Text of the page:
Right now, the naming rights to so many high-profile buildings are up for grabs that the clique of elite companies branding the city’s skyline could be due for a shakeup. That is, if the new names actually stick.
Several Midtown mainstays, such as the former New York Times Building, the General Motors Building and Citigroup Center, are now vacant or will soon see their namesake companies depart. The GM building’s previous owner, Harry Macklowe, even used the possibility of generating significant revenue from the sale of the iconic tower’s naming rights, up for grabs in 2010, as enticement for potential buyers.
Whether new owner Boston Properties will be able to do so remains to be seen. In a summer conference call to investors, Doug Linde, company president, said, “The name ‘GM’ may no longer be the moniker of the building depending on what our perspective of the value of that is.” He added, “In our economic models, we haven’t assumed or attributed any cash value to it. It doesn’t mean we don’t think it’s worth anything.”
Unlike sports arenas and stadiums where naming rights, now commanding up to $25 million a year, are a direct advertising maneuver that promises a company considerable media exposure during events, the monetary value of such rights to an office tower, often more about prestige, is harder to quantify.
Luigi Rosabianca, principal attorney and founder of Rosabianca & Associates, has been involved in structuring several such deals and said the monetary value “is a lot less obvious [than with stadiums], but it’s also a lot less expensive.”
He said there are hardly any examples of direct cash transactions involving the naming rights to an office tower in New York City because it is generally structured within the lease agreement and gets used as a bargaining tool rather than as a separate commodity.
“At the height of the market,” when naming rights for large towers are more commonly part of lease agreements because tenants are willing to shell out more money and rent more space, “they are the ultimate luxury; they are an ego trip for these companies,” he said.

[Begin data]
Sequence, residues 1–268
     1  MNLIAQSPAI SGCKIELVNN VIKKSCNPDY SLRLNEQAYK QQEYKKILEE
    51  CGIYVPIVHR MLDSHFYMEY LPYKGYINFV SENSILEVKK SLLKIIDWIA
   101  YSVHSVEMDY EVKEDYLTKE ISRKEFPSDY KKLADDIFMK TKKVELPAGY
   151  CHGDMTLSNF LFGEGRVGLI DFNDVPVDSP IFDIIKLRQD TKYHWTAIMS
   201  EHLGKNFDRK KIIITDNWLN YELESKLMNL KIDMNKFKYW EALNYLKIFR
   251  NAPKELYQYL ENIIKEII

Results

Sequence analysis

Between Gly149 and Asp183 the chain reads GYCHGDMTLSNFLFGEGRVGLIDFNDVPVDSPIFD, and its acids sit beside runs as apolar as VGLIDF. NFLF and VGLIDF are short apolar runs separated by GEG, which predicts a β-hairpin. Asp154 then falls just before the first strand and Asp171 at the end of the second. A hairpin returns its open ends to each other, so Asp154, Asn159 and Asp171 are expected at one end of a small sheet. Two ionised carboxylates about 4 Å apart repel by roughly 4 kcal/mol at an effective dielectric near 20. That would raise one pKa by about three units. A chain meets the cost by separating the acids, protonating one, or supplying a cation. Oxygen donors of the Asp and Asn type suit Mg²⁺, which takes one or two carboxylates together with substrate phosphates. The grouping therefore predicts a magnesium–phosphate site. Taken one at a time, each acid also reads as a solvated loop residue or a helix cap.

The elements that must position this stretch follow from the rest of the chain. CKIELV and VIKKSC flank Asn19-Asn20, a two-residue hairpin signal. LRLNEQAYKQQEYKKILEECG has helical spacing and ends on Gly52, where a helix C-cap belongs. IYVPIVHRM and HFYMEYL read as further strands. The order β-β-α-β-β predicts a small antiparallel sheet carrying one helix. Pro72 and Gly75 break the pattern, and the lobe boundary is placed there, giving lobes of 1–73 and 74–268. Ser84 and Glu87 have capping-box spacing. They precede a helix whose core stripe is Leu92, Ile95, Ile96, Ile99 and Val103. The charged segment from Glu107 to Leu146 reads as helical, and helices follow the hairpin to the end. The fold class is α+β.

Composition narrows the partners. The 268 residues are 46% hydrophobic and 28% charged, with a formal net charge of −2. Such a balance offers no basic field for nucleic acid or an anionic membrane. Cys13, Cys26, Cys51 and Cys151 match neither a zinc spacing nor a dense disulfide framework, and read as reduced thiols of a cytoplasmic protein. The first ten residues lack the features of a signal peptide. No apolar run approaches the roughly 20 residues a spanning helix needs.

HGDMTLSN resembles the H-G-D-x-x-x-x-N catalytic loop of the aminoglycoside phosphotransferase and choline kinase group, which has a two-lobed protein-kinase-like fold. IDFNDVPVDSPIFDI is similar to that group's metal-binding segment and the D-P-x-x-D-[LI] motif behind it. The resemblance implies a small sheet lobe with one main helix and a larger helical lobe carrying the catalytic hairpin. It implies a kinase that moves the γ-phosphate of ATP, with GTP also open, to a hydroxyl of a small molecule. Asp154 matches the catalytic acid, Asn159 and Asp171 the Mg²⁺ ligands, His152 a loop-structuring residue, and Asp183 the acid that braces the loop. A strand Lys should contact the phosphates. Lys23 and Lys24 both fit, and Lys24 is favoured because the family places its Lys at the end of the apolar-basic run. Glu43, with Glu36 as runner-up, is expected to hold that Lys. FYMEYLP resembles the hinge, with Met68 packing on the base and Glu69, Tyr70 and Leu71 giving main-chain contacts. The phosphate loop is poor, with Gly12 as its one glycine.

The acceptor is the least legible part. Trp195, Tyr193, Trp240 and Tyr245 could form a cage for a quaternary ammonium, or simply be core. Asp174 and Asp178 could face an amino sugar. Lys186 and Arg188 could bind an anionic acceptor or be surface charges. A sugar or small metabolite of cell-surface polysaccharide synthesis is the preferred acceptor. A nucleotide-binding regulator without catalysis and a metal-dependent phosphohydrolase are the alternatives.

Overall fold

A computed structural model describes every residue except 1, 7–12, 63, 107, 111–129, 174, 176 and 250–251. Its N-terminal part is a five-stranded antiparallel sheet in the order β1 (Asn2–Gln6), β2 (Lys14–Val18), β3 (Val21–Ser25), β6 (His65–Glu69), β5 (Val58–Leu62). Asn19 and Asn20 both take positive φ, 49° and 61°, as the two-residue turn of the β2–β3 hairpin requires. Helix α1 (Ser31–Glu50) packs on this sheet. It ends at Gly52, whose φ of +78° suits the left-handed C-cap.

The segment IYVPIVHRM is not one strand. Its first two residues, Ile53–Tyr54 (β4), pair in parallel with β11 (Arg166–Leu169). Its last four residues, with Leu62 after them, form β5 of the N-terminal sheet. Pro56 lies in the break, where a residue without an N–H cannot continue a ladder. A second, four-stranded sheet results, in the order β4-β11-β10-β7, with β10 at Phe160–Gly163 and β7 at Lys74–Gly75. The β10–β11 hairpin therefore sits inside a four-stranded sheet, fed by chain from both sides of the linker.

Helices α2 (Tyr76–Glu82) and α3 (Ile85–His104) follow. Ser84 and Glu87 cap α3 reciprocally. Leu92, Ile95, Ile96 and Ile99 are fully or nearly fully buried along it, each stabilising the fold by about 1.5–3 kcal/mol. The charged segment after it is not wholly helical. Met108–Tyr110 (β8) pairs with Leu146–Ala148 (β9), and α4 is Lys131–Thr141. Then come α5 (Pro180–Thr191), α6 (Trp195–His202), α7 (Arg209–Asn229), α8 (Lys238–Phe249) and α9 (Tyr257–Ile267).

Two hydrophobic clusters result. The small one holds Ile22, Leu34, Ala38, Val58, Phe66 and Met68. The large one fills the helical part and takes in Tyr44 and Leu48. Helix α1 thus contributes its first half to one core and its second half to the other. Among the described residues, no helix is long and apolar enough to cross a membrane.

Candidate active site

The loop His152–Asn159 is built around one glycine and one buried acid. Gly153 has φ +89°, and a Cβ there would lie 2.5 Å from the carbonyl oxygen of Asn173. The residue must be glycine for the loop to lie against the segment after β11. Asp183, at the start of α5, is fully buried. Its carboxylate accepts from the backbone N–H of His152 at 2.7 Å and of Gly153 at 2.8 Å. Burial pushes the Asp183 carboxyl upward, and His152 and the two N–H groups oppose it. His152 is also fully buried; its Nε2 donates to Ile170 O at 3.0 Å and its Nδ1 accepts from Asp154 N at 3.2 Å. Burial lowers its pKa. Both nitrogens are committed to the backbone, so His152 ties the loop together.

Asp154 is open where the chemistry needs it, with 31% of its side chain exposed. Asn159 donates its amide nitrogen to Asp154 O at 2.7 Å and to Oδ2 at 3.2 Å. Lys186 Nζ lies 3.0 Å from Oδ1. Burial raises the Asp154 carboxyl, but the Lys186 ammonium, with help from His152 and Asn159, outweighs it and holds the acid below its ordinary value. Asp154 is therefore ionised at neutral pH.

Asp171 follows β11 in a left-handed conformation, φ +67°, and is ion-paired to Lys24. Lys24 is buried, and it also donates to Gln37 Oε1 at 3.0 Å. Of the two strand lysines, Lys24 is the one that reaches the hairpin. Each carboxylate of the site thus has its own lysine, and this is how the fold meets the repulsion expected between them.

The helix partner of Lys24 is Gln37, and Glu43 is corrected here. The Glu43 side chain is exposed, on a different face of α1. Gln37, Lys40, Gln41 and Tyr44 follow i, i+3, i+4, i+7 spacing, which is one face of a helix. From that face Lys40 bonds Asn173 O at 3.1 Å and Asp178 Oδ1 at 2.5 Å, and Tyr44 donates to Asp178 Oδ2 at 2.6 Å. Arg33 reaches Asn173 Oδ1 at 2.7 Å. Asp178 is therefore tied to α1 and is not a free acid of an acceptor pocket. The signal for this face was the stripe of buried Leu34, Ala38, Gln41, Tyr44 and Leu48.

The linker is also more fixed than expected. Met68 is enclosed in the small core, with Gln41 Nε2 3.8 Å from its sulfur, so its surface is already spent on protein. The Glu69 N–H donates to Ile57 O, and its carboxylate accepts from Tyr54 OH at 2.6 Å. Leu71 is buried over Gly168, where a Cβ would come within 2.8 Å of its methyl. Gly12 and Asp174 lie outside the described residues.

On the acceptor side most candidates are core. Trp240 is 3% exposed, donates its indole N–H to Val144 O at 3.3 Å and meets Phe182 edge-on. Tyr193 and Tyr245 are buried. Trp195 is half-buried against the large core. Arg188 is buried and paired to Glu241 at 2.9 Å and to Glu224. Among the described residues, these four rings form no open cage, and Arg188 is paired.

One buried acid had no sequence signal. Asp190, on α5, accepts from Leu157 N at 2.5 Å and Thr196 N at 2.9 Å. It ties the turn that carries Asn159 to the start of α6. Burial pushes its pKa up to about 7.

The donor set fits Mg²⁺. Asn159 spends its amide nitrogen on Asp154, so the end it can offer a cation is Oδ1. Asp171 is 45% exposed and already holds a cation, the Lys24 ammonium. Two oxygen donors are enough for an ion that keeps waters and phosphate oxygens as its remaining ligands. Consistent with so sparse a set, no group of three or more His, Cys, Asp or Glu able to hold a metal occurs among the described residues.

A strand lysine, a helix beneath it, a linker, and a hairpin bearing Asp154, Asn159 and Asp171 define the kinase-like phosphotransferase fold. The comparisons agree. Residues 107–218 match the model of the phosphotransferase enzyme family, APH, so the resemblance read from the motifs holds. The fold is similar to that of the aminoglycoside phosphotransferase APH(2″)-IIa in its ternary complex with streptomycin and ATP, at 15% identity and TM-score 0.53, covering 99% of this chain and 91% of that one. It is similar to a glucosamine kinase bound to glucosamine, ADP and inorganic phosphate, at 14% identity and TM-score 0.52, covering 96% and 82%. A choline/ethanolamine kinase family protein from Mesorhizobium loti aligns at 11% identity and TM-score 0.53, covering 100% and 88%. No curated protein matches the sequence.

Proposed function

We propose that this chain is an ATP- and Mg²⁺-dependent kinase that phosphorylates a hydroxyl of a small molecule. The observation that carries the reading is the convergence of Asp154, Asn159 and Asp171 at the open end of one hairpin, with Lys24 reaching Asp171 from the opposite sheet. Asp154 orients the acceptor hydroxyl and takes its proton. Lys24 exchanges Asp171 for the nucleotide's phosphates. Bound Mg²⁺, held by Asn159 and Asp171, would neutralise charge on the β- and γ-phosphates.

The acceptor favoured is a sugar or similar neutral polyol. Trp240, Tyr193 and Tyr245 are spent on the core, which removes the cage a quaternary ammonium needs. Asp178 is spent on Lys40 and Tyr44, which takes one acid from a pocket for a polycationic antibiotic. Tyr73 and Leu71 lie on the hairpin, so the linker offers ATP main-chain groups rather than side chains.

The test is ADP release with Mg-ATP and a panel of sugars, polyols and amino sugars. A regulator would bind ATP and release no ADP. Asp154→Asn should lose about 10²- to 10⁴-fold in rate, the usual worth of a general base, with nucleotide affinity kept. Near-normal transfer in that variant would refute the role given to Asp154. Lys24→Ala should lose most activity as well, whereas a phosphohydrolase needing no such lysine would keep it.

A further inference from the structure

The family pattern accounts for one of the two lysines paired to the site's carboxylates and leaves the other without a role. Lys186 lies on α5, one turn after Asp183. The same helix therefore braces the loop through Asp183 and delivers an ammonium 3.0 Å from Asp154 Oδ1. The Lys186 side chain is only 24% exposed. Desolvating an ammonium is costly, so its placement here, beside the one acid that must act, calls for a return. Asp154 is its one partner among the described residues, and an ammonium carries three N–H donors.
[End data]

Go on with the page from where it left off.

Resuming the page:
One straight-cash transaction, Citigroup Center at 153 East 53rd Street, offers a means of comparing the monetary value of naming rights to an office tower versus a stadium.
With Citigroup preparing to empty out 18 floors of that building, landlord Boston Properties reportedly paid $1.5 million to rename it, at least temporarily, 601 Lexington Avenue. The company now essentially has the right to offer a new tenant the ability to plaster its name on that building, although it declined to comment on whether it would do so.
In terms of stadiums, Citigroup will shell out $20 million annually to name the new Mets baseball stadium “Citi Field,” a sum equivalent to Barclays Bank’s purchase of naming rights to the Nets basketball arena planned in Brooklyn, part of the United Kingdom banking giant’s efforts to establish itself in the American market.
The new Giants and Jets stadium being built in the Meadowlands could have topped those record deals. German-based insurance company Allianz was widely reported to have agreed to pay $25 million a year for the stadium’s naming rights, but the company was dropped after its involvement in the Holocaust came to light, stirring public disapproval.
“If you look at how expensive advertising is in this country, $1.5 million becomes a bargain,” said Rosabianca, referring to the Citigroup Center deal.
According to Scott Alessandro, an account executive for Van Wagner Communications, a prominent outdoor advertising firm in the city, outdoor advertising space in Times Square brings in $650,000 to $3.9 million a year. Billboards elsewhere in Midtown are less common due to zoning regulations, but generate up to $1 million annually.
The former New York Times building at 223 West 43rd Street has been renamed “The Times Square Building,” a place holder according to Brian Gell, vice chairman of CB Richard Ellis, which is handling the commercial leasing for the building.